(Updated: 5 p.m.)
Seven losses, zero wins and now a major piece of the roster has been arrested for domestic violence. And we’re only in April.
The Braves’ season, which has jumped the rails even sooner and more dramatically than most could have envisioned, took an ugly, real-life turn Wednesday when left fielder Hector Olivera was arrested on domestic violence charges at the team hotel in Arlington, Va. (just outside of Washington D.C., where the team is for a series against the Nationals). Olivera appeared in court later in the day and was charged with misdemeanor assault and battery.
The Braves released a statement reading, “We are extremely disappointed and troubled to learn of the allegations involving Hector Olivera. We will continue to gather information and will address this matter appropriately as we determine the facts. Major League Baseball has placed Olivera on Administrative Leave effective immediately.”
It may be a while before we learn details of the reported incident and of Olivera’s guilt or innocence. That said, this is the last thing the Braves needed in a season when their on-field product is an embarrassment and the only thing they have going for them is the feel-good storyline of rebuilding with young, hard-working players and doing things the right way.
Olivera isn’t young (31), but he’s relatively new. Braves executives John Hart and John Coppolella took a significant risk when they acquired the high-priced, former Cuban defector from the Los Angeles Dodgers in a three-team trade last July, sending away a package of players that included starting lefthander Alex Wood and touted prospect Jose Peraza. The Dodgers paid Olivera a $28 million signing bonus but the Braves remain responsible for his salaries from 2016 to 2020 ($32.5 million).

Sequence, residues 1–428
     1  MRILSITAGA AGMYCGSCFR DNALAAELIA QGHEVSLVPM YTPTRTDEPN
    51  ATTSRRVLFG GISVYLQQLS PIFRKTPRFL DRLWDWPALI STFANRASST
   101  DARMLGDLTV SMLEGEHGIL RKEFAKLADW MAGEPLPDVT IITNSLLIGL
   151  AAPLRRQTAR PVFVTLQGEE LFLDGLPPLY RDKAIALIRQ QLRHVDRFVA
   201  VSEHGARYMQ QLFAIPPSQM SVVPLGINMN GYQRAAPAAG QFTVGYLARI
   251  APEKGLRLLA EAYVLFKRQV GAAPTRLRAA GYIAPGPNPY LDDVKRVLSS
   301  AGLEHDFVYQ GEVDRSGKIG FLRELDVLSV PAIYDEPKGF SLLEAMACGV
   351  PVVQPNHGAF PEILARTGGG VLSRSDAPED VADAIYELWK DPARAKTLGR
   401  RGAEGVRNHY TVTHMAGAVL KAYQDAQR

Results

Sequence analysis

I spent some time with Olivera in spring training and, while he’s not the most comfortable player around the media, he seemed eager to prove his worth and was cognizant of perceptions that he needed to perform quickly, given his age.
“I’m going to be patient and work every day and not think about the next day,” Olivera said through his translator, coach Eddie Perez. “I want to do the right thing. I’m not in a rush. I’m not feeling pressure. I don’t want to feel pressure. If I go 0-for-4 today, I’m going to come back tomorrow. I know what I can do and the Braves know what I can do.”
Here’s a link to that column: Olivera has limited time to meet expectations.
Olivera has started slow this season, hitting .211 (4 for 19) with two RBI and five strikeouts. But he’s not alone in that area. The Braves are the second-worst hitting club in the majors at .203 and rank 26th in runs.
What they can’t afford is bad PR to go with bad baseball. And if at the end of this investigation it’s found that there is a legitimate victim of domestic violence, a .211 batting average will be the least of Olivera’s problems.
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